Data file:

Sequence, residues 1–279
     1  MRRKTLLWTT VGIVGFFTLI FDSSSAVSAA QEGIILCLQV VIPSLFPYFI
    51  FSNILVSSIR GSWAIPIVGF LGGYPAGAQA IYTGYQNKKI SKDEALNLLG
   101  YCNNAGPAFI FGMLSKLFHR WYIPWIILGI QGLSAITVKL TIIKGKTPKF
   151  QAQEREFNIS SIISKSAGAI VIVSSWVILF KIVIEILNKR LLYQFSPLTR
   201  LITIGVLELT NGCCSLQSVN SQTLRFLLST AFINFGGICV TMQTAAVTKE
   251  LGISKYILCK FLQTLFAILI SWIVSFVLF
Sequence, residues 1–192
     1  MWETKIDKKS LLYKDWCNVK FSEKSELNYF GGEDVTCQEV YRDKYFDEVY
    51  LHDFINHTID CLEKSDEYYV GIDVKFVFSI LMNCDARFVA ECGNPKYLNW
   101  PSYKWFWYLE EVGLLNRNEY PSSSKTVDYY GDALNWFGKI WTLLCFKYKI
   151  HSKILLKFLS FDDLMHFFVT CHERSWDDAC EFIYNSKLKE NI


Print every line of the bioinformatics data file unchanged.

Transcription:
Sequence, residues 1–279
     1  MRRKTLLWTT VGIVGFFTLI FDSSSAVSAA QEGIILCLQV VIPSLFPYFI
    51  FSNILVSSIR GSWAIPIVGF LGGYPAGAQA IYTGYQNKKI SKDEALNLLG
   101  YCNNAGPAFI FGMLSKLFHR WYIPWIILGI QGLSAITVKL TIIKGKTPKF
   151  QAQEREFNIS SIISKSAGAI VIVSSWVILF KIVIEILNKR LLYQFSPLTR
   201  LITIGVLELT NGCCSLQSVN SQTLRFLLST AFINFGGICV TMQTAAVTKE
   251  LGISKYILCK FLQTLFAILI SWIVSFVLF
Sequence, residues 1–192
     1  MWETKIDKKS LLYKDWCNVK FSEKSELNYF GGEDVTCQEV YRDKYFDEVY
    51  LHDFINHTID CLEKSDEYYV GIDVKFVFSI LMNCDARFVA ECGNPKYLNW
   101  PSYKWFWYLE EVGLLNRNEY PSSSKTVDYY GDALNWFGKI WTLLCFKYKI
   151  HSKILLKFLS FDDLMHFFVT CHERSWDDAC EFIYNSKLKE NI